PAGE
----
Rabbi Lauren Holtzblatt is Director of Campus Initiatives at Hillel International

• Ayeka: A Spiritual Check-Up

Aryeh Ben David

The goal of this session is to enable us to take one small step forward in personal and spiritual growth by reflecting on our spiritual lives and to leave with concrete personal, albeit small, steps on how to deepen them. This session will have 3 components: learning, writing, and personalizing chevruta. I hope to offer this word “Ayeka” (“Where are You?”) as a mantra that can be used to enable us to become more fully present in their lives.

Rabbi Aryeh Ben David founded Ayeka, Jewish Spiritual Education, in 2006. This initiative came after almost 20 years of work in formal and experiential Jewish educational settings.

• Practice and Transformation

James Jacobson Maisels

This session aims to bring the participants through the first steps of a transformative experience through the exploration and practice of the quieting technique of the Hassidic master, R. Kalonymus Kalman Shapira, the Piaseczner Rebbe (1889-1943). Through text study which focuses on the experiential, psycho-spiritual and performative aspects of the text, meditative practice, group processing and reflection, we will together raise questions about our sense of self and place in the world and explore new possibilities of self-understanding and self-transformation.

James Jacobson Maisels is a faculty member at The Pardes Institute of Jewish Studies, Mechon Hadar and The Hannaton Educational Center.

• “Do I Believe in God?” is the Wrong Question: Moving from God to Godly

Michael Uram

The goal of this session is to shift the question from ‘What do I believe about God?’ to ‘What have I experienced?’ by confronting a profound and often overlooked biblical story as well as some contemporary ideas.  By reflecting on these texts in concert with our own experiences, we hope to uncover new understandings of what it means to be connected to the Divine.

Rabbi Michael Uram is the Director of Penn Hillel

12:00 – 1:00pm Lunch Break
Boxed Lunches Served. Participants can take their lunches outdoors to enjoy Battery Park City.

1:00 – 2:30pm “Teaching in the Third Space” Block 2

• Unlearning God

Will Berkovitz

During this session we will explore Jewish ideas of God. By using the story of Moses and the Burning Bush as a guide we will explore how we might both encounter divinity and begin to develop an evolving adult theology.

Rabbi Will Berkovitz is Vice President of Partnerships and Rabbi in Residence for Repair the World.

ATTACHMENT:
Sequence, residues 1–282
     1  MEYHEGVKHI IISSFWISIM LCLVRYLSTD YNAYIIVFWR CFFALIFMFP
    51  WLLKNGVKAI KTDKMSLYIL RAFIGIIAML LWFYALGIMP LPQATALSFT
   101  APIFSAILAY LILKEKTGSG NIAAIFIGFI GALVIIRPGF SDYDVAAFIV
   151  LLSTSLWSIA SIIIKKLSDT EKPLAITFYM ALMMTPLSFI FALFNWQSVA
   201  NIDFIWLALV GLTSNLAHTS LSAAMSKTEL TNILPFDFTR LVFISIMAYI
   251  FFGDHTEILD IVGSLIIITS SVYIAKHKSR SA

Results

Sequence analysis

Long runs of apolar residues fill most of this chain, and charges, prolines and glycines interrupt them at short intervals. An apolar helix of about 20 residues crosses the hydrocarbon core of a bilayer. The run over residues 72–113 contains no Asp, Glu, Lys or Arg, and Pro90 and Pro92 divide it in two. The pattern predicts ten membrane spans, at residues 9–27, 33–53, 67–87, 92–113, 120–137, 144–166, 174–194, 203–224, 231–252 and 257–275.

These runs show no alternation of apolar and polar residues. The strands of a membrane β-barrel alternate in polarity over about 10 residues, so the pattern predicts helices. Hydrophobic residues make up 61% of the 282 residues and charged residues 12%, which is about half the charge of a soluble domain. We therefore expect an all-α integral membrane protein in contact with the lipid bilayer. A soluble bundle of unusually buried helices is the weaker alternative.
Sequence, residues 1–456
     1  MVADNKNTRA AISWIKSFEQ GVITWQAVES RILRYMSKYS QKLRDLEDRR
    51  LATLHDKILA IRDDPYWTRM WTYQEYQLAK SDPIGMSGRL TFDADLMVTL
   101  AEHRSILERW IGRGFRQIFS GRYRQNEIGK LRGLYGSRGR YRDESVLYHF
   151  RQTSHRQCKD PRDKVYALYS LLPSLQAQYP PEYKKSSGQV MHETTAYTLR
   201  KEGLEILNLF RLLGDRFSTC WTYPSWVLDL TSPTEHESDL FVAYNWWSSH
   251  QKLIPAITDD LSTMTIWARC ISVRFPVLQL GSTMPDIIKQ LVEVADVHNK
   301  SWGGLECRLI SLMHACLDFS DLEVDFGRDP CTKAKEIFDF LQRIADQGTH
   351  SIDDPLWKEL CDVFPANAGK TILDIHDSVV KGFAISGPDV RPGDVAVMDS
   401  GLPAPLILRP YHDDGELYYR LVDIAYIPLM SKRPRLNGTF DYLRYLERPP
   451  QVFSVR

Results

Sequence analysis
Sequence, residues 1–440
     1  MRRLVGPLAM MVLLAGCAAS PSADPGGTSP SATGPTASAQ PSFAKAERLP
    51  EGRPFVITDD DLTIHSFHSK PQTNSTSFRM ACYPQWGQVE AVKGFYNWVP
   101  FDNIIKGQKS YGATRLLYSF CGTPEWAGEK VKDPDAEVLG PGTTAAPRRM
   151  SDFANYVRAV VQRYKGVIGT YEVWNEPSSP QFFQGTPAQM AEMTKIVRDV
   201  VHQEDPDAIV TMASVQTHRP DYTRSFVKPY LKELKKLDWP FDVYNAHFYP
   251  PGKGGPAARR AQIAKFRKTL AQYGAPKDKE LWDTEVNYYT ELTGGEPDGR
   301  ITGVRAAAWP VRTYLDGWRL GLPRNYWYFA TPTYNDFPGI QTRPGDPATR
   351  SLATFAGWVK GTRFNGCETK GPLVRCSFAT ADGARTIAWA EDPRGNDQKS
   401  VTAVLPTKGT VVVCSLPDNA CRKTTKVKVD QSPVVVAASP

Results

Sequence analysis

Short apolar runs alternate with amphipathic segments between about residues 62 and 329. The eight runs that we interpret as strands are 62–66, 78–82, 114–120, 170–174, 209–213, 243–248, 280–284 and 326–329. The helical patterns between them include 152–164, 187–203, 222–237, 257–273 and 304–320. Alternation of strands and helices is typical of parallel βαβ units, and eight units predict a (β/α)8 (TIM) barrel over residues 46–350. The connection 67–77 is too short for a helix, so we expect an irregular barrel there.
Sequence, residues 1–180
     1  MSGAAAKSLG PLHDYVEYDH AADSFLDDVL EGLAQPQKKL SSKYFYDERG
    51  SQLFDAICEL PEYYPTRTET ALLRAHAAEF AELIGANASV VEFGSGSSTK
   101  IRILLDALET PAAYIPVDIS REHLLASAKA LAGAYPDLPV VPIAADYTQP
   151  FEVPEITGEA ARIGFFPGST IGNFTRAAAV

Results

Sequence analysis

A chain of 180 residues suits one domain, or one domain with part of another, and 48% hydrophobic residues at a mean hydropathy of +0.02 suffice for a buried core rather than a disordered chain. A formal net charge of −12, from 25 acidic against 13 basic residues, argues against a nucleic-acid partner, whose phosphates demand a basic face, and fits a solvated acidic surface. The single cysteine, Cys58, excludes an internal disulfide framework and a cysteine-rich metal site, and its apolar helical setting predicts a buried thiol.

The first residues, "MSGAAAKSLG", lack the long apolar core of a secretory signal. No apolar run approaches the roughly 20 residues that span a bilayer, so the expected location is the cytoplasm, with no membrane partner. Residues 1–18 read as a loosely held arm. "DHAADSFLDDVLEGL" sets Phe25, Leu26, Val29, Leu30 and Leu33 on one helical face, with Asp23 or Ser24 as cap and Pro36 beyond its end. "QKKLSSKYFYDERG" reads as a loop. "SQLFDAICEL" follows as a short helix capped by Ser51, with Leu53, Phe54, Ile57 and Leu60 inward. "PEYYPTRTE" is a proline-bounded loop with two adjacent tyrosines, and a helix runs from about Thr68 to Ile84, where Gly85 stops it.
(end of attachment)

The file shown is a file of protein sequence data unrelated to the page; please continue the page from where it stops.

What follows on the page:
• Hardened Against, Softening Into: Lines of Conflict and Connection

Miriam Margles

This session will be an exploration of aspects of conflict, the ways we harden against others and the possibilities available in choosing yielding, softening in its place.  Rooted in the Talmudic story of Rabbi Elazar and the Ugly Man and the dynamics of “hardness” and “softness” offered here, this session will integrate a close reading and discussion of the text with exploration of its images and ideas through movement and personal narrative.

Rabbi Miriam Margles is co-founder of Encounter, fostering understanding through face to face encounters between diverse North American Jewish leaders and Palestinians in the West Bank.

• Ode to Joy

Danya Ruttenberg

This session will be an investigation of various texts that discuss (and sometimes command) joy and/or happiness.  We’ll discuss these texts in light of our understandings of contemporary American culture and our own understandings of happiness and joy.  Hopefully, we will gain some insights about what it is to be happy, and how a person might go about getting there.

Rabbi Danya Ruttenberg is Senior Jewish Educator at Tufts University Hillel.

• Watercooler Dramas and Power Plays: Hagar, Yosef and Generation Y at Work

Sara Bamberger

In this session we will use core biblical texts to look at power dynamics in the work place. The stories of Hagar and Yosef depict characters whose given status (the concubine, the youngest son) exists in tension with their own ambition and sense of self. What can we learn from these texts about the challenges of being a young and ambitious employee?  What can we learn about supervising Millennials, who often have a strong sense of empowerment and even entitlement?

Sara Heitler Bamberger is the founder and director of Kevah, a new initiative that supports pluralistic study of classical Jewish texts.

2:30 – 3:30pm Small Group Discussions
Participants will convene in a final small group with facilitators.  The focus of this conversation will be on the two “Teaching in the Third Space” blocks.

3:30 – 4:30pm Closing Conversation
A panel of colleagues from the Academy, campus and service learning – Josh Feigelson, Will Berkowitz, Yehuda Sarna and Sharon Daloz Parks – will discuss the implications of our conversation for their fields.